+------------+-----------------------------------------------------------------------------------------------------------------------------------------+

Configuration of s3cmd

For further use, s3cmd is now configured. This requires an installed s3cmd. The setup starts by means of

s3cmd --configure

In the following wizard, the previously created data is entered, which then looks something like this (relevant entries in bold)

s3cmd --configure

Enter new values or accept defaults in brackets with Enter.
Refer to the user manual for a detailed description of all options.

Access key and Secret key are your identifiers for Amazon S3. Leave them empty for using the env variables.
Access Key: aceab8b6b85c51f8d3b305aec1af39c2
Secret Key: e5d312a7627cdf2a87ac4322a6d7716b
Default Region [US]:

Use "s3.amazonaws.com" for S3 Endpoint and not modify it to the target Amazon S3.
S3 Endpoint [s3.amazonaws.com]: rgw1.netways.de

Use "%(bucket)s.s3.amazonaws.com" to the target Amazon S3. "%(bucket)s" and "%(location)s" vars can be used
if the target S3 system supports dns based buckets.
DNS-style bucket+hostname:port template for accessing a bucket [%(bucket)s.s3.amazonaws.com]: rgw1.netways.de/%(bucket)s

Encryption password is used to protect your files from reading
by unauthorized persons while in transfer to S3
Encryption password:
Path to GPG program:

When using secure HTTPS protocol all communication with Amazon S3
servers is protected from 3rd party eavesdropping. This method is
slower than plain HTTP, and can only be proxied with Python 2.7 or newer
Use HTTPS protocol [Yes]:

On some networks all internet access must go through a HTTP proxy.
Try setting it here if you can't connect to S3 directly
HTTP Proxy server name:

New settings:
Access Key: aceab8b6b85c51f8d3b305aec1af39c2
Secret Key: e5d312a7627cdf2a87ac4322a6d7716b
Default Region: US
S3 Endpoint: rgw1.netways.de
DNS-style bucket+hostname:port template for accessing a bucket: rgw1.netways.de/%(bucket)s
Encryption password:
Path to GPG program: None
Use HTTPS protocol: True
HTTP Proxy server name:
HTTP Proxy server port: 0

Test access with supplied credentials? [Y/n] n

Save settings? [y/N] y
Configuration saved to '/Users/gmimietz/.s3cfg'

In order for the S3 commands to work as desired, a small adjustment has to be made to the config that was just created

vim ~/.s3cfg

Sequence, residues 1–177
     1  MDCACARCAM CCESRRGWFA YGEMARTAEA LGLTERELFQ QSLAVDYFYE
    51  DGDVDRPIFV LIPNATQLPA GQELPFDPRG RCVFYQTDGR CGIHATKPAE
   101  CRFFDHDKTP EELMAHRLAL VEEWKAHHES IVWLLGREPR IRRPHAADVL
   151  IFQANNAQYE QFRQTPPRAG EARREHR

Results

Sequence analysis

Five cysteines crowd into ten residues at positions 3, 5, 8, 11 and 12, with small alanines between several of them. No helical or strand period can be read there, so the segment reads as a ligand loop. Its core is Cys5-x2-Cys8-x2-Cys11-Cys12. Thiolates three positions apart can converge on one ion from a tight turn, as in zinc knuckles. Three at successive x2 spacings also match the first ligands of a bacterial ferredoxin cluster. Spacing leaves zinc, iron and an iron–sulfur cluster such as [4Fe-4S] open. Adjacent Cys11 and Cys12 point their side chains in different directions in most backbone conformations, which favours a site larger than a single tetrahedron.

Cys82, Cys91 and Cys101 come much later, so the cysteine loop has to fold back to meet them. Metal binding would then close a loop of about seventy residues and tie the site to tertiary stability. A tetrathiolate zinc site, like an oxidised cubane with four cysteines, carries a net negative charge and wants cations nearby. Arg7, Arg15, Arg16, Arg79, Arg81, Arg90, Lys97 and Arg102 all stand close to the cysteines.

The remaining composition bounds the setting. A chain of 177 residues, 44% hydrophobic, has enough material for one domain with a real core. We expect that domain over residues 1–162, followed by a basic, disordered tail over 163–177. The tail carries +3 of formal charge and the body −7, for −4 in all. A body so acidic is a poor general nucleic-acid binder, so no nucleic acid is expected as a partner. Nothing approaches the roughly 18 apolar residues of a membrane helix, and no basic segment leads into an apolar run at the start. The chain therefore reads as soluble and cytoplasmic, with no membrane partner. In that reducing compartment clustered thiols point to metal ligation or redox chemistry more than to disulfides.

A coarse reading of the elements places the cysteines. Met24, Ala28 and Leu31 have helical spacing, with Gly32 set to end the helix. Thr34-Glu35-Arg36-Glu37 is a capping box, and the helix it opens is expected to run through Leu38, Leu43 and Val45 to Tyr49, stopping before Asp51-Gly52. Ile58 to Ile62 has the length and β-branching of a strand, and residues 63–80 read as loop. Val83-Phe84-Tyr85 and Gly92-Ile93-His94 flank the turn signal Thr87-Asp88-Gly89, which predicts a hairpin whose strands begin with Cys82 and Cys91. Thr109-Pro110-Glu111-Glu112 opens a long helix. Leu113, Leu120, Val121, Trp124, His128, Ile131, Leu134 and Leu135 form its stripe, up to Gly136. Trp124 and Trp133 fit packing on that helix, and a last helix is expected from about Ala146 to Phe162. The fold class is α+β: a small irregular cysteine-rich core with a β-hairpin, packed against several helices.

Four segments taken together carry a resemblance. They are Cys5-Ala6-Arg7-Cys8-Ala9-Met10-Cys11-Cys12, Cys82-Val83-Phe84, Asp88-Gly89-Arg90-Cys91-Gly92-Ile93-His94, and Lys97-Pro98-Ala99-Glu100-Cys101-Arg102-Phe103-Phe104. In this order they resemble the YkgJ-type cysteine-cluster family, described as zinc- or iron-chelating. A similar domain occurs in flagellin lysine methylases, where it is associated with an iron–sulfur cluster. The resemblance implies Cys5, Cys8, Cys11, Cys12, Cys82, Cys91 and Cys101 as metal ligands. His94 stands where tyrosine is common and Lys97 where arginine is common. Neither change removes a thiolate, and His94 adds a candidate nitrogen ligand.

There the line

signature_v2 = False

is adapted to

signature_v2 = True

. After saving, the application can now begin.

Creating a new Bucket

A new bucket is created using the following command

s3cmd mb s3://myfirstbucket

To check the creation of the bucket, it is listed with the command

s3cmd ls

Place Files in the Bucket

Time to upload the first files. The put parameter is used for this

s3cmd put /Users/gmimietz/Downloads/water.liquid s3://myfirstbucket/

List Contents of Bucket

To see what is in the bucket that has just been filled, the ls command lists the contents. However, this is now expanded by the bucket name

s3cmd ls s3://myfirstbucket 
2021-02-02 11:04 402088862 s3://myfirstbucket/water.liquid

Download files from a Bucket

The file that has just been uploaded can now be downloaded using the get parameter.

s3cmd get s3://myfirstbucket/water.liquid

Further s3cmd Application Uses

Below are some helpful commands: Move an object from one bucket to another:

s3cmd mv s3://myfirstbucket/water.liquid s3://mysecondbucket

. Store an object encrypted in the bucket (requires a predefined passphrase). (s3cmd –configure)

s3cmd put fire.element s3://myfirstbucket -e

A very valuable command is the sync to synchronise a local directory with a bucket (everything below /important-data is synced to s3://myfirstbucket/backup/)

s3cmd sync /important-data/ s3://myfirstbucket/backup/

. To conserve bandwidth in certain use cases, the –limit-rate option helps, this defaults to bytes but the option also recognises a k or m suffix (kilo/megabyte) per second

s3cmd put myfile s3://myfirstbucket --limit-rate=1k

Conclusion

Of course, there are many more parameters for the s3cmd, all of which can be listed using –help. When using s3, however, modern and elegant procedures can also be included, e.g. the lifetime of a file with a predefined deletion date. In OpenStack you can also see what the object storage is doing by navigating to the corresponding menu via Project>Object Storage. By the way, our object storage also works with swift – so it is also addressed by OpenStack itself. So a mixed operation of S3 and swift is possible at your discretion. We have not yet documented swift further, but our friendly MyEngineers will be happy to provide information on request. The prices for our object storage and everything else we offer at NWS can be found here at any time.